Mad About Mad!

I had a paper route as a kid.  It was nice because I had an income (not much, but a lot for a kid).  With the money I earned, I would run up to the record store and buy records or tapes or maybe I’d go to Circus World and buy some new toy I wanted.  If I wasn’t buying toys or music, I was in the book store buying my favorite magazine – Mad.

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This week it was announced that Mad would be coming off the newsstands after an amazing 67 year run!  What a shame this is!  I remember picking it up and laughing out loud at so many things!  As a kid, I always laughed at the humor and satirical content and often brought it to school and laughed with friends during lunch.

I will admit that it has been some time since I bought a copy of Mad, but I can recall some of the things I looked forward to each month:

Movie and TV Parodies

M*A*S*H became M*U*S*H, Different Strokes was Different Jokes, The Sound of Music was The Sound of Money, and the Godfather was The OddFather.

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So many great satires and parodies were presented in Mad.  I always loved reading them and found the comedic spins on character names creative and funny.

Spy Vs Spy

As silly as these comics were, I always wondered which Spy would wind up beating the other one! I don’t recall rooting for one Spy in particular.

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Snappy Answers to Stupid Questions

Al Jaffee, was responsible for two of my favorite Mad Magazine features.  The first was Snappy Answers to Stupid Questions.  Who doesn’t respond with a sarcastic answer when someone asks you a ridiculous question!!??  I always loved this feature, and Al wrote many books based on this feature.

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The Mad Fold-In

Al Jaffee also was responsible for this feature.  There was usually some crazy drawing on the back cover.  There was some scenario or question posed and you folded the back cover in and the answer and another drawing appeared from the original.  It’s hard to explain, but this picture may help…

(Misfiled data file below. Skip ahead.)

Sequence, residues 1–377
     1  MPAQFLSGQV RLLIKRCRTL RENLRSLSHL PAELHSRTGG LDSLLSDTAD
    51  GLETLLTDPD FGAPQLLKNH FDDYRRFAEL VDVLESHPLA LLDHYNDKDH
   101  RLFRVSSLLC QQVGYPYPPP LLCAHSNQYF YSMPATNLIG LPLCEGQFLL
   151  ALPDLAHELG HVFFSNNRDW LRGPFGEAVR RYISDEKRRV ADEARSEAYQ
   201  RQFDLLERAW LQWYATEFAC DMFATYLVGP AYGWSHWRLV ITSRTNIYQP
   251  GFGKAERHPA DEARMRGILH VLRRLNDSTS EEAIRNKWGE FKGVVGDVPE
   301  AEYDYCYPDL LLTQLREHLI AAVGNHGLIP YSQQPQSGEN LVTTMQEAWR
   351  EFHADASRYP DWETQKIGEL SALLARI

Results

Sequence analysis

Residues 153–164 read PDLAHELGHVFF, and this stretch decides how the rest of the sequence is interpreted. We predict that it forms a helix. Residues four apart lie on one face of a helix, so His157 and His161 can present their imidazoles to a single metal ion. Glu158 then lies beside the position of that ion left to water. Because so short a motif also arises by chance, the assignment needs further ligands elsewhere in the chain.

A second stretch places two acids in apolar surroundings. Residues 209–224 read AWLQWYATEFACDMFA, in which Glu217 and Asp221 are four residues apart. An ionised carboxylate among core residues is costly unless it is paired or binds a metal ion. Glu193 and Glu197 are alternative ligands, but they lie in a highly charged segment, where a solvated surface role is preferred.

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Incidentally, as of this writing, Al Jaffee is still alive and celebrated his 98th birthday in March!

Don Martin

Another great contributor to Mad Magazine was artist Don Martin.  He was with the magazine from 1956-1988 and had some very funny characters.  At one point in his career, he was promoted as “Mad’s Maddest Artist!” His stuff always had really generic titles like “One Fine Day at the Bank” or “One Tuesday Afternoon After School.”  What I loved about him was that his cartoons always had some of the weirdest sound effects!  What I mean by that is he’d spell out the sound effects that were going on and those always cracked me up!!! Here are a couple of his onomatopoeias:

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SHTOINK (seen above) was actually his vanity license plate on his car.  When I think of Don, I always think of my best friend, Jeff.  I’m not sure why, but we still make silly noises and make up words when we chat on the phone and when we’re together.  I am sure we spent many hours laughing at the “sounds” created by Don Martin for Mad Magazine! Sadly, he died of cancer in 2000.

Alfred E. Neuman

He was the iconic face of Mad Magazine who signature phrase was “What, me worry?”

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Alfred’s face could be found on the cover of Mad, and when I’d walked over the rack, I’d look for his face to find the magazine!

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The character itself has interesting origins and you can read about them on wiki here:

https://en.wikipedia.org/wiki/Alfred_E._Neuman

Alfred also made a record!  Depending on the source, it’s either from 1963 or 1966 (some sources say it could be as early as 1959), and it was called “It’s a Gas!”  With a name like that, you are correct if you thought it included “sounds a body with gas makes”.  Drew and Mike played this often when they were doing mornings on WRIF.  Enjoy it at the link below:

Farewell, Mad

Mad is really one of the last satirical magazines around.  Crazy Magazine stopped publishing in 1983 after a brief decade of issues.

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Cracked magazine (which I often bought with Mad) ceased publication in 2007.

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In a few weeks, the bimonthly publication will only feature vintage MAD content and be sold at comic book stores. The magazines will still be mailed to subscribers, and DC will continue to publish MAD books and special collections. Starting with issue 11 (Mad reset its numbering in 2018 after moving offices) in October, “new” issues of Mad will only feature new cover art, while the rest of the magazine will comprise articles pulled from previous issues. I am sad to see it go, and based on the things I am seeing on Facebook, Twitter, WordPress, and other social media sites, I am not alone.

In 2015, “Weird Al” Yankovic served as Mad Magazine’s first “Guest Editor.”  Naturally, I bought that issue.  Upon hearing the news of the magazine’s demise, Al tweeted: “I am profoundly sad to hear that after 67 years, MAD Magazine is ceasing publication. I can’t begin to describe the impact it had on me as a young kid — it’s pretty much the reason I turned out weird. Goodbye to one of the all-time greatest American institutions.”

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67 years in publication!  67 years of satire.  67 years of laughs!  Thanks, Mad!

In honor of Mad, I plan on using Sploydoing, Floourtz, Gluwwtch, Flaark and other onomatopoeias in my daily vocabulary for years to come!

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